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August 2017
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Native plants help sustain wildlife

Fueling station — A monarch butterfly relies on the fall-blooming aster and other native plants for nectar as it migrates south for winter. © Fotolia

Fueling station — A monarch butterfly relies on the fall-blooming aster and other native plants for nectar as it migrates south for winter. © Fotolia

The Indiana Native Plant and Wildflower Society’s annual conference features Douglas W. Tallamy, a University of Delaware professor who specializes on the sustainable relationships among insects, wildlife and plants.

In his book, Bringing Nature Home: How Native Plants Sustain Wildlife in Our Gardens (Timber Press, $27.95, hard cover), he writes of the unbreakable link between native plants and native wildlife.

The bugs, birds and other fauna are hard wired to seek food and shelter from native plants or to use them for laying eggs. The relationship is a matter of their survival and as we sprawl into the suburbs, we destroy or disrupt the natural habitat of birds, butterflies and other creatures.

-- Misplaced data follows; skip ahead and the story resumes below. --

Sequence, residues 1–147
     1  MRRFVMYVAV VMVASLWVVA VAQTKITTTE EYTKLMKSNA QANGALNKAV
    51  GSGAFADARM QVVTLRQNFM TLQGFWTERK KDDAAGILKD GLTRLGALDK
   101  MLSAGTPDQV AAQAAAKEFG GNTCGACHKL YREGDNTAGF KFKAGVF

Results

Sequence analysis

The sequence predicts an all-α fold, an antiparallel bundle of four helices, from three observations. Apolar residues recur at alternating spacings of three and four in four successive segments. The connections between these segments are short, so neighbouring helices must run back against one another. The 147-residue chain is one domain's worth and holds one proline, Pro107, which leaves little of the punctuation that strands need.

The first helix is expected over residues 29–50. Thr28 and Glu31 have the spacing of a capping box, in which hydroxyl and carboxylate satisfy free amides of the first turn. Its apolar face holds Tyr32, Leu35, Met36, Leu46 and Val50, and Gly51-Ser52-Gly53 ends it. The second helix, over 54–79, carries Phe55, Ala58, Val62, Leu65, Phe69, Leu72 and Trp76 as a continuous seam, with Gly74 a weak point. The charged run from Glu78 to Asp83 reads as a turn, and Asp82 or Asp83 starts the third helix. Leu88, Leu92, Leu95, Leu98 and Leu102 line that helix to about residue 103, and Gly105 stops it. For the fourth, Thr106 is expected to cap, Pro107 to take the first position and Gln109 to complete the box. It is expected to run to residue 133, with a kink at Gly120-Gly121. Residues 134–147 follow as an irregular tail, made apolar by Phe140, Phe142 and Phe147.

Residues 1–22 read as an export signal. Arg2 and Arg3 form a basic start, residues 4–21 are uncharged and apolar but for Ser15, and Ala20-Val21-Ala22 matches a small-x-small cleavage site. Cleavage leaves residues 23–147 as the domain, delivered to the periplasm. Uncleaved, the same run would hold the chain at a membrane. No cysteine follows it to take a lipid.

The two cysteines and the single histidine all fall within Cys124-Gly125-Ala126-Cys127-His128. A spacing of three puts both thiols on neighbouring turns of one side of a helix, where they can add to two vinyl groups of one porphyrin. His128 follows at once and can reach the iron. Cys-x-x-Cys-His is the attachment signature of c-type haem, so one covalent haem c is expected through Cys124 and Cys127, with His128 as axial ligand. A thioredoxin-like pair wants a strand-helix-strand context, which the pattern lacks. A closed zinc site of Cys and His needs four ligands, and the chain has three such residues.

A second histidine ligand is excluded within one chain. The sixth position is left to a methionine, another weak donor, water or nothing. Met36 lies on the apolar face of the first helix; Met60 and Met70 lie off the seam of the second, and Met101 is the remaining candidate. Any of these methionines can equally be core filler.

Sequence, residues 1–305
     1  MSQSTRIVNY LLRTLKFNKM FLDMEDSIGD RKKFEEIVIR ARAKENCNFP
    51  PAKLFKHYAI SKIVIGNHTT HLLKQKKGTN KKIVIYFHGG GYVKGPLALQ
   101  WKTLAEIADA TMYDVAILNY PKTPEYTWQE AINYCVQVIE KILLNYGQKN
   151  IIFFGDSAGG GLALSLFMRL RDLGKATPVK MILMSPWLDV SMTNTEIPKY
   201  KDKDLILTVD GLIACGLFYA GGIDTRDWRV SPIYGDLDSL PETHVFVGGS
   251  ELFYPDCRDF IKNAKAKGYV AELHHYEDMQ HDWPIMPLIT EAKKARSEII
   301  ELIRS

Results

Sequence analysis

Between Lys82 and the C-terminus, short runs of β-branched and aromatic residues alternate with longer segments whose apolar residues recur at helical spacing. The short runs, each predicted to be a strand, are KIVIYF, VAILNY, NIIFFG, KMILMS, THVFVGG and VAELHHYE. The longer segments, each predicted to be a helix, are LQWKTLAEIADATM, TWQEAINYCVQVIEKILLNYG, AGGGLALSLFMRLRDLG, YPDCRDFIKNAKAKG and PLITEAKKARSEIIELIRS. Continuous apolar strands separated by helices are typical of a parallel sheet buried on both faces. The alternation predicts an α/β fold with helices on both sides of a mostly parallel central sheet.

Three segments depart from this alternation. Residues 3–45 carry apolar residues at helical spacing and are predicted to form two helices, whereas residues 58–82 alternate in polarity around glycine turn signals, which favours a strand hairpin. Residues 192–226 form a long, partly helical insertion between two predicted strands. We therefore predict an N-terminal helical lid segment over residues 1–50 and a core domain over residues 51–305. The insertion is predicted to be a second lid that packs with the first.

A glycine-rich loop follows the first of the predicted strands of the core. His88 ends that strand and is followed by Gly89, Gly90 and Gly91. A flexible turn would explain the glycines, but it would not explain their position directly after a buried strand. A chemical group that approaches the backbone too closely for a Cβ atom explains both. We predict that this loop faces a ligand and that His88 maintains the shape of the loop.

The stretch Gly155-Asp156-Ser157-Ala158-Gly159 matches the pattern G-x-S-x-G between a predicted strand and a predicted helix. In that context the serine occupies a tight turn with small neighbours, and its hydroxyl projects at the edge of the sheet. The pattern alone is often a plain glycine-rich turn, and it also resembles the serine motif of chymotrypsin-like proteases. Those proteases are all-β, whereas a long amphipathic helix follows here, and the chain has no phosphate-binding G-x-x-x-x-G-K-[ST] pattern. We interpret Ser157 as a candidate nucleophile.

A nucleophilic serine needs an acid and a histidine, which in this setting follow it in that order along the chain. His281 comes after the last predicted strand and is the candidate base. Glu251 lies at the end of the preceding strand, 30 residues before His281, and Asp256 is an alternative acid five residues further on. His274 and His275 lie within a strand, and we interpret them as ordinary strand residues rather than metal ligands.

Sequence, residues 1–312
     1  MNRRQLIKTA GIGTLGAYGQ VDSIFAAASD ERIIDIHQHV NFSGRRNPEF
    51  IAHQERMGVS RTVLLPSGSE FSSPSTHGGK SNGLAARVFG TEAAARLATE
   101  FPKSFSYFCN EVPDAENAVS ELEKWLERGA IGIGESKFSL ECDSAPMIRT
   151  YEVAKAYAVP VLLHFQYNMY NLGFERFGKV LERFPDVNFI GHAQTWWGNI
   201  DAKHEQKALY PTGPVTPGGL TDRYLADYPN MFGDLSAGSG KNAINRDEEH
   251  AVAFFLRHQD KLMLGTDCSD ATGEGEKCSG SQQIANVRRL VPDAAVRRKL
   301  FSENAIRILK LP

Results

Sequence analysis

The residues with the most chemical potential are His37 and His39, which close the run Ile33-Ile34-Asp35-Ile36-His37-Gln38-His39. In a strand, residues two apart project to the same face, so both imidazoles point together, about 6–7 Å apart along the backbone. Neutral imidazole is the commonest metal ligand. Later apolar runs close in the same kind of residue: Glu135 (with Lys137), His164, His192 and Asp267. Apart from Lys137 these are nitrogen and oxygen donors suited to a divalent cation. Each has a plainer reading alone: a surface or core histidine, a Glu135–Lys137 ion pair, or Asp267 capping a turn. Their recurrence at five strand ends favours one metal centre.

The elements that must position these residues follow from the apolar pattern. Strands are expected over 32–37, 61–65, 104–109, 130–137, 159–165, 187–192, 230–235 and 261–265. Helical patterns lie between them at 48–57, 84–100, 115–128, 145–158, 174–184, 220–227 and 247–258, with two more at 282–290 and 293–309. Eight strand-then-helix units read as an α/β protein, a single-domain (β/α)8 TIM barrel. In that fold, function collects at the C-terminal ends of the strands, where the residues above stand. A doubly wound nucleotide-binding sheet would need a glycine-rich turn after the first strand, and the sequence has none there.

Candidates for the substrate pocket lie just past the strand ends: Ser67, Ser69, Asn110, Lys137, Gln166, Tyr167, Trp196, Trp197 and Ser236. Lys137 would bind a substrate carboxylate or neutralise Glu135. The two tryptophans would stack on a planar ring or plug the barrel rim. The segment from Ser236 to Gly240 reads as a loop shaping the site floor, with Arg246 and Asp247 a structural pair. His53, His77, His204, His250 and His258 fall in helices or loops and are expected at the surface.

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Rain may be cause of brown patches in lawn

Lawn disease - Dollar spot lesion. (Photo courtesy North Carolina State University)

Lawn disease - Dollar spot lesion. (Photo courtesy North Carolina State University)

Recently, there has been a spate of queries about lawn care and disease.

A woman wrote and sent photos to the Marion County Master Gardeners to ask about the brown areas on her lawn. The condition was diagnosed as the disease dollar spot. With dollar spot (Sclerotinia homoeocarpa), you usually see a tan band with a reddish border on a green blade of grass.

This is a common condition that may occur with heavy rains, such as we’ve had the last few weeks, explains Steve Mayer, a horticultural educator at Purdue University Extension in Indianapolis. Heavy rains wash the nitrogen through the soil faster than usual. Low nitrogen may allow this fungus disease to sprout. If there is low fertility or a lack of fertilizer, the disease may show up in the lawn.

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